Chieftain

Calgary sludge storytellers Chieftain talk barbarians and bears

CALGARY — Georgia Meadows has to be coaxed into telling the ‘Bear Story.’ Onstage she’s a willowy, mystical presence in wide-brimmed Stevie Nicks hats, with a coruscating roar and a sweet croon. In person she’s funny and self-effacing, and has to have her hat wrestled off her head by Tanner Wolff, the band’s drummer, after claiming to have a bad hair day. One of two singers for Chieftain, she was recruited by singer, guitarist and high-school friend Rhys Friesen despite never having played music before and the reason, he says, is the ‘Bear Story.’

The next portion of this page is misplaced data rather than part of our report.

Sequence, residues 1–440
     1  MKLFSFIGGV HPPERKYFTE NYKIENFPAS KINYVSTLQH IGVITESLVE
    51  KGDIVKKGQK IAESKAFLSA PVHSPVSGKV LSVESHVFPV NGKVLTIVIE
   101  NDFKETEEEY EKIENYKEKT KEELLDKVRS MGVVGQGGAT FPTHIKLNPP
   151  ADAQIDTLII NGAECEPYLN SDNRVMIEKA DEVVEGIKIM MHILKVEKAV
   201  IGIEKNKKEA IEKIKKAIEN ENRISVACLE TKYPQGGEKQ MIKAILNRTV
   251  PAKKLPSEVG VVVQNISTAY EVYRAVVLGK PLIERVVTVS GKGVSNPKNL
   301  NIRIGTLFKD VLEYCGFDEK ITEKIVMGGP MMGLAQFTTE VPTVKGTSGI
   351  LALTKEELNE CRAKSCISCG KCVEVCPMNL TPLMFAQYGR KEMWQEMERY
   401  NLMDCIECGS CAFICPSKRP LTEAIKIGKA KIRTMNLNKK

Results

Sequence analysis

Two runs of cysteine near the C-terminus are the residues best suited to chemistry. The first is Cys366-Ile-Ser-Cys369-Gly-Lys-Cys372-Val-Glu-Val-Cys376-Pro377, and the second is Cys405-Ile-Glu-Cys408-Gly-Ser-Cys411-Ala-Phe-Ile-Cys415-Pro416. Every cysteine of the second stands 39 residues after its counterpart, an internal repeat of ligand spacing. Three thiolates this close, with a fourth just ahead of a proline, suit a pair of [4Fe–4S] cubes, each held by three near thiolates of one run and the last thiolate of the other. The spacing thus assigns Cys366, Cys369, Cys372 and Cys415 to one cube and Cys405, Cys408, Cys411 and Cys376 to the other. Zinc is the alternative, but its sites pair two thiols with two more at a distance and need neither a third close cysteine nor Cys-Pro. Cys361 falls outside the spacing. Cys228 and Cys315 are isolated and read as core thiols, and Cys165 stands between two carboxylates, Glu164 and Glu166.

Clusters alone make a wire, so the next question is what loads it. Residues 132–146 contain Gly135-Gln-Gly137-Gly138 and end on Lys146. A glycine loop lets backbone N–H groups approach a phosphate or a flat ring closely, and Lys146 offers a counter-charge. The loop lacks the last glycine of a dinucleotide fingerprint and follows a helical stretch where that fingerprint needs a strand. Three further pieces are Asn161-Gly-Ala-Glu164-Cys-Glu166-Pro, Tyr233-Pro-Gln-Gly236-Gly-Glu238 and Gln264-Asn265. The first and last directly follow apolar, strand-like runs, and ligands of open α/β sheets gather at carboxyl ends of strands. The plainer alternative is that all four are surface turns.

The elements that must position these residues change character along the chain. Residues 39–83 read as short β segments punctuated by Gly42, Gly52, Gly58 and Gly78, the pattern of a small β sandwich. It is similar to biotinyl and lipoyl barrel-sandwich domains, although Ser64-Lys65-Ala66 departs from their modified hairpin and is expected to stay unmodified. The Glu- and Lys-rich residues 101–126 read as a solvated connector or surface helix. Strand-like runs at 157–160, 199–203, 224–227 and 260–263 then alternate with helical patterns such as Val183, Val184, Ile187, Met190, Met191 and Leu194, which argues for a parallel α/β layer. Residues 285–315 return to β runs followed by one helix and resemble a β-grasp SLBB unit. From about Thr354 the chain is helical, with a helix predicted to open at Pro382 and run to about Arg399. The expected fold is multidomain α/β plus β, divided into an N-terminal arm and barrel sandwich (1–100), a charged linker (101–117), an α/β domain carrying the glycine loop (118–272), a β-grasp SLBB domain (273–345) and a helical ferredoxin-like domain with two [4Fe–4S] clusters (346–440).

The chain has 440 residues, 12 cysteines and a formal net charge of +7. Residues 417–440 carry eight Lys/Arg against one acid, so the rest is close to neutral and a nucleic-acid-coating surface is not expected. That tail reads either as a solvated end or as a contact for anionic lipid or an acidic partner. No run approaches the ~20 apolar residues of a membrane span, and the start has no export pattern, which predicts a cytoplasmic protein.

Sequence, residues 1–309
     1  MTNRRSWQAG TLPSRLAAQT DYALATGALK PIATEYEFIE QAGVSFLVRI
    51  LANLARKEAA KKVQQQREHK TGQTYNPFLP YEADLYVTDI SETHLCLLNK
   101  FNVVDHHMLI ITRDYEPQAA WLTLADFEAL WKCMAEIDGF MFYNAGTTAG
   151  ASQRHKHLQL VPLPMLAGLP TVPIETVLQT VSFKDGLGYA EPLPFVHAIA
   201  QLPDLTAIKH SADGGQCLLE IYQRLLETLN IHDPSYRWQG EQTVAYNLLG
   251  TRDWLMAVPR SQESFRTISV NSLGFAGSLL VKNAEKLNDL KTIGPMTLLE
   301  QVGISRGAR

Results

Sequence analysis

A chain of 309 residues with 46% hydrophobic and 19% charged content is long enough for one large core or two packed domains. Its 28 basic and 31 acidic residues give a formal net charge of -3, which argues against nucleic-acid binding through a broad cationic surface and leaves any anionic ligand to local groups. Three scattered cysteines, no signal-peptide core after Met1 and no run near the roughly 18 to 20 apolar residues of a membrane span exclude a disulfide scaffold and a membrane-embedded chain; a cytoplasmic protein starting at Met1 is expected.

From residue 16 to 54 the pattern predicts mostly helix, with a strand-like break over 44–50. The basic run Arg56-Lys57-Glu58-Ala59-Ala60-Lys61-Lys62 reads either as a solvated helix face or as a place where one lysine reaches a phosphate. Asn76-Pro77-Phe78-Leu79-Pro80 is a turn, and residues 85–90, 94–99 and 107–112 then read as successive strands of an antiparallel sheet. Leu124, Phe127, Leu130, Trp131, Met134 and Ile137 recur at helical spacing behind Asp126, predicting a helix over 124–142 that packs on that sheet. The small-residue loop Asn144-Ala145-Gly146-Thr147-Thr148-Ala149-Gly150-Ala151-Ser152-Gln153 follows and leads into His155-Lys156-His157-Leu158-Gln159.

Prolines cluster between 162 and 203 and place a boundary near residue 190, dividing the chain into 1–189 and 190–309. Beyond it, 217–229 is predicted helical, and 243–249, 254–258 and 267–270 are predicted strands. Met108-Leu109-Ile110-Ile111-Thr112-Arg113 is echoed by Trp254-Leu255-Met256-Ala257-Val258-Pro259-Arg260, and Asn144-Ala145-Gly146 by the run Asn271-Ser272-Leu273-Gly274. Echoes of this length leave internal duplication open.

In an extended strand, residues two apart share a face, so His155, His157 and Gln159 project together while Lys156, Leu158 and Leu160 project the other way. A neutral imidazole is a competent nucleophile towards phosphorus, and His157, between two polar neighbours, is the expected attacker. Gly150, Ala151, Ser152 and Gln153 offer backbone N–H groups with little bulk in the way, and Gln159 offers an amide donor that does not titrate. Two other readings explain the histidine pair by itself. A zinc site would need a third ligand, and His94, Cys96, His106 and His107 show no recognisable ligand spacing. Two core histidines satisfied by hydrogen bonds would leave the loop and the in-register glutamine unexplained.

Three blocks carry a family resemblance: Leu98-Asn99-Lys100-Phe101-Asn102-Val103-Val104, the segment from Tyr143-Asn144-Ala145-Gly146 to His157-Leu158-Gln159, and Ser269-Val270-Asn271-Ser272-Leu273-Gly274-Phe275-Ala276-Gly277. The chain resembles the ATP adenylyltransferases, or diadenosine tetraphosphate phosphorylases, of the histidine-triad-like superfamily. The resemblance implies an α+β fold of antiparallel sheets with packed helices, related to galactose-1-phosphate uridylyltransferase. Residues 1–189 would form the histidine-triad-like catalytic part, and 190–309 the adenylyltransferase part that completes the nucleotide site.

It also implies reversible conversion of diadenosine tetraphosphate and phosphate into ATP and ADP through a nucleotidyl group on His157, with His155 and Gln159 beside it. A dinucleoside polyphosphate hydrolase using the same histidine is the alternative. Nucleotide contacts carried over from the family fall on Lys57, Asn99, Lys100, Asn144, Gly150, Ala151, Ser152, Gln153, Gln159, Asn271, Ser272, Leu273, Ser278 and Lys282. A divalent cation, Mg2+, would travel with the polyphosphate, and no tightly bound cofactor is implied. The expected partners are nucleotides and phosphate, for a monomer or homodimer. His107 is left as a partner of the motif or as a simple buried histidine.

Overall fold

“When I was living in Canmore I went for a run and came across a grizzly bear. I couldn’t remember what you do when you come across a bear. Are you supposed to look it, curl up into a ball, punch it in the nose? So I decided to stand up on my tippy-toes and put my hands up in a claw shape above my head and I roared at it. It kind of looked at me like ‘what the fuck?’ and then it lunged at me. I roared again and it ran away. That’s my bear story.”

If the roar was terrifying enough to scare away a 600-pound apex predator, Friesen reasoned, it was right for the project he had started with Andrew Trueman, a project that would become Chieftain.

 

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